A report by the Center's 2016 media fellow Zack Colman of the Christian Science Monitor.
Safety concerns at the Oroville Dam center on engineering and maintenance. But dams also face new challenges in managing water in an era when rains can be heavier, and less precipitation is falling as snow.
At the Knight-Risser Prize Symposium on Jan. 25, Ian James, an environment reporter for the Palm Springs based Desert Sun, talked about a growing crisis in groundwater supplies. James worked with colleagues at the Desert Sun and USA Today to put together a dramatic, globe-spanning series about groundwater overdraft, which was the winner of the 2016 Knight-Risser Prize for Western Environmental Journalism.
While water is an increasingly scarce resource, most existing methods to allocate it are neither economically nor environmentally efficient. In these circumstances, water markets offer developed countries a form of regulatory response capable of overcoming many of the shortcomings of current water management.
Scholars working with Water in the West discussed their latest research on groundwater and the implications for the future of California’s water. Held in Sacramento on Sept. 27, 2016, the panel informed state and local level policy and decision makers on such issues as implementation of the Sustainable Groundwater Management Act (SGMA), water quality and availability, and new data collection techniques.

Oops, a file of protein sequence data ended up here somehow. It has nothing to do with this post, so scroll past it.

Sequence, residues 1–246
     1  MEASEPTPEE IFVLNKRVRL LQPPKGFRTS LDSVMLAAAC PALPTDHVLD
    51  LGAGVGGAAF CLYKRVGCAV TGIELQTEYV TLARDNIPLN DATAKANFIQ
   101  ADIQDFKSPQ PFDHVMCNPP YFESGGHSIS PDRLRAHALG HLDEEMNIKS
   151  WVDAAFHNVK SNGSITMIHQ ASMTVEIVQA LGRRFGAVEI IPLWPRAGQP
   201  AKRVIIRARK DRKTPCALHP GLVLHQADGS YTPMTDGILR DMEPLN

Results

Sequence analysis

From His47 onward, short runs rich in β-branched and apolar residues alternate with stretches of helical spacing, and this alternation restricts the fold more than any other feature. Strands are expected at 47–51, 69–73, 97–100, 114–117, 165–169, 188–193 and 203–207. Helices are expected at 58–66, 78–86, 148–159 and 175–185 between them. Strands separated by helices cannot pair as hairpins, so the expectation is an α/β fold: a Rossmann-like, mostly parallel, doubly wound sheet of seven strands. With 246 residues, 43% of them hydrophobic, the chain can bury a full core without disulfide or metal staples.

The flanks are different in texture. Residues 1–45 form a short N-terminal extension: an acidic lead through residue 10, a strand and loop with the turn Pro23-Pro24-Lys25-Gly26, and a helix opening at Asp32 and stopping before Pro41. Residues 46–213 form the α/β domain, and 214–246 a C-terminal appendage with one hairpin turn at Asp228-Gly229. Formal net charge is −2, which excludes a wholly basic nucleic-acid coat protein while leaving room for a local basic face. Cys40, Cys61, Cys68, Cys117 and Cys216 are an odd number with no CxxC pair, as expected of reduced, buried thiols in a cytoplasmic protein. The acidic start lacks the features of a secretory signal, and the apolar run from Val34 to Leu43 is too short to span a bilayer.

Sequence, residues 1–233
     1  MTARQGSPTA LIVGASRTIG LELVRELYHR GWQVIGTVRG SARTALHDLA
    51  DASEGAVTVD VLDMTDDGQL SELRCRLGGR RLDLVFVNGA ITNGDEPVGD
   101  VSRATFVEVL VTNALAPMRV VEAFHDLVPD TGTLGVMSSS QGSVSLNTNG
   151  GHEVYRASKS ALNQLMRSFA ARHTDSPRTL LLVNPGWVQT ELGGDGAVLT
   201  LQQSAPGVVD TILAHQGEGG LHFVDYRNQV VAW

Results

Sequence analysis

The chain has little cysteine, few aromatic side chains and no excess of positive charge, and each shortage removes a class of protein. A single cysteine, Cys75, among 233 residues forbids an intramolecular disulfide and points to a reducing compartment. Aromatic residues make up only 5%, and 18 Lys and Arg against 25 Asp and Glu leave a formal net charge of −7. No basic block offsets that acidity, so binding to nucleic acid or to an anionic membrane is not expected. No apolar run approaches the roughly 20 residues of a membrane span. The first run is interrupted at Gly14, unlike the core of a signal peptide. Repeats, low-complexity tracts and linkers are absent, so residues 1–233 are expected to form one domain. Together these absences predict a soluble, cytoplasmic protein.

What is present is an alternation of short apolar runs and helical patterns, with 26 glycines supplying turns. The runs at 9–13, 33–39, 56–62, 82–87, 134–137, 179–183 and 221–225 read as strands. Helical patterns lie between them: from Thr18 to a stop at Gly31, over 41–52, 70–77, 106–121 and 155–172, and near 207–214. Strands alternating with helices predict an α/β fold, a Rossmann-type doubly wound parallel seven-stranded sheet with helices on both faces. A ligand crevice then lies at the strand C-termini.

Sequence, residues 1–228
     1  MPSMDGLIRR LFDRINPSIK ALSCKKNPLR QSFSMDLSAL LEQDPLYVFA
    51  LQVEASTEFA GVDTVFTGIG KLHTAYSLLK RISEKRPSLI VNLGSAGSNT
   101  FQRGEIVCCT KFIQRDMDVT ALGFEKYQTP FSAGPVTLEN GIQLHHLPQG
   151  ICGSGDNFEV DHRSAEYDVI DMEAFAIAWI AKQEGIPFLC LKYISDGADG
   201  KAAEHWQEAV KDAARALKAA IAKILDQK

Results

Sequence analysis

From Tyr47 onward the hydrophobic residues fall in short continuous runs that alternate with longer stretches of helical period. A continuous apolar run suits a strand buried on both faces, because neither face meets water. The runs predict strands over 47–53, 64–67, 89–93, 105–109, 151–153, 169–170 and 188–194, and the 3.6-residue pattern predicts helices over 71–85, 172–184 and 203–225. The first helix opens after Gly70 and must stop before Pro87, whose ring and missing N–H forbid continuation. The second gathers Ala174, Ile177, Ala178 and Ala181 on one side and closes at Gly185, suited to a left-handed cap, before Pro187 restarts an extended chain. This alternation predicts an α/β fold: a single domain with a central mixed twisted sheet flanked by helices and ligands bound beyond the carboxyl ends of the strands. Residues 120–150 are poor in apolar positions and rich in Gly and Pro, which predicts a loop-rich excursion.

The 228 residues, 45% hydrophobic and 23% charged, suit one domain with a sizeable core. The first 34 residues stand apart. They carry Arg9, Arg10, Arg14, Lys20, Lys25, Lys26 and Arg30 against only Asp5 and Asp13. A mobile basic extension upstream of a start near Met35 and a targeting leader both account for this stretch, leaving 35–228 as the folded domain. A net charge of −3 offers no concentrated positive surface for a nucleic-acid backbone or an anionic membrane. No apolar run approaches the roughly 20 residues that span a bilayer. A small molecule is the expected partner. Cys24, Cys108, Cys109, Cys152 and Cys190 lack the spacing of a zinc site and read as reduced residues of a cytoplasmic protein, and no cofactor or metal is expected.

After decades of dysfunction that have exacerbated chronic water problems, historic groundwater legislation has brought California to the cusp of a new era of water management. Meeting the law’s goals will require overcoming stubborn systemic obstacles, according to a new report by Water in the West and the Gould Center for Conflict Resolution, Stanford Law School.
Our series explores groundwater management in California through new research into key groundwater issues, interactive graphics and a synthesis of existing knowledge on groundwater in California, all designed to advance public understanding of this critical issue.
An interactive map of the Sacramento-San Joaquin delta comparing the historical habitat with the present day landscape, as well as period photos, maps and journals used by historical ecologists to help recreate how the region looked 160 years ago. Produced in collaboration with KQED Public Media, and the San Francisco Estuary Institute.